A revival of interest in the last decade has sparked the ancient art of wood turning

Over the past 10 years, there has been a strong revival of interest in wood turning, one of the traditional hand skills. It intrigues both men and women wood hobbyists, as indicated in the current exhibition, ''The Art of Wood Turning,'' which runs through May 13 at the American Craft Museum II, 77 West 45 Street in New York. Two of the 18 contemporary wood-turners whose work is shown are women.

One of these women, Gail Redman, of San Francisco, is represented by the handsome balusters and newel posts in which she specializes. Another woman, Merryll Saylan, also of San Francisco, is showing bowls, an Indian basket, and a collector's cabinet.

Today's revival actually involves many aspects of the turner's skill. These range from the making of bowls, bottles, chalices, platters, vases, toys, chess sets, and decorative boxes to the turning of purely artistic sculptural forms and the making of chairs and tables from turned elements.

Wood turning refers to the shaping of a piece of wood with gouge or chisel as the piece revolves on a lathe between two fixed points. Historians say wood turning goes back 3,000 years, and in the last few years some conferences and special events have celebrated the craft. One of these was an International Seminar for Wood-Turners held three years ago in England.

Peter the Great of Russia loved to turn wood as a hobby, as did King Louis XVI of France. They and other monarchs sponsored royal turners, who could create the vessels and ornamentation fashionable during their reigns. An international range of pieces from the last four centuries is included in the historical section of this exhibition. Many of these lathe-turned objects were loaned from museums, private collections, and individual artists. Many antique American pieces come from restorations such as Old Sturbridge Village and the Hancock Shaker Community. These include furniture, musical instruments, and such homey utensils as rolling pins, mortar and pestles, butter molds, apple peelers, darners, and mallets.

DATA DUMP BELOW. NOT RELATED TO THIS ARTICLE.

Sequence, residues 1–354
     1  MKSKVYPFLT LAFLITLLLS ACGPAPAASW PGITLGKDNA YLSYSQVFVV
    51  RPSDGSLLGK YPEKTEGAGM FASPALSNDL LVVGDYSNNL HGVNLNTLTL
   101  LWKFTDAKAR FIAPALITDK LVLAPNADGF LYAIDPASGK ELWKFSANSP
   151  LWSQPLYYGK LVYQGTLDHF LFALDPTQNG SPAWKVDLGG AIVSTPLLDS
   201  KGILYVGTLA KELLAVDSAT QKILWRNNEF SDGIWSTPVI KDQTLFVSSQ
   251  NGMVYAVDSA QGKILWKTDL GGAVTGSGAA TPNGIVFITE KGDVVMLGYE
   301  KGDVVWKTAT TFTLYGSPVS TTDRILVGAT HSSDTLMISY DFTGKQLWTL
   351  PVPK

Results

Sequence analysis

As one of thousands of turners practicing the craft today, Ron Kent, a Honolulu stockbroker and vice-president of a large brokerage firm, terms himself an ''amateur weekend wood-turner.''

Yet with his wife he shows and sells at several craft fairs each year, and is well represented in the exhibition by his graceful bottles and bowls hand turned from Norfolk pine.

''I get many satisfactions from wood turning on a plane lathe,'' he says.''Just gathering the wood is fun in itself. I start with the logs. I love seeing the individual pieces take shape. I love it when my wife and I sit in the evenings and sand the pieces with warm oil as we listen to quiet jazz, for it is both restful and contemplative. We may spend 16 hours sanding with oil any piece that I spend four hours with on the lathe. The finer we sand, the more translucent the wood becomes and the more we see of its color and grain.''

Mr. Kent explains that, because he is completely self-taught, his tools and procedures are somewhat unorthodox. ''I started with a Rockwell Delta Home Handyman, and when I wanted to do bigger things, I had it modified and spacers put in. Then, when I wanted to do even bigger things, I had a lathe built for me by a local metal worker. I have now advanced from just wanting to show off the beauty of the wood to striving for ever more aesthetically pleasing shapes.

His prices at craft fairs vary from $20 for small pieces up to $300. Shops in Hawaii and California sometimes get as much as $1,500 for some of the pieces. Museum shops at the Metropolitan Museum in New York and the Museum of Fine Arts in Boston also carry a few of his pieces.

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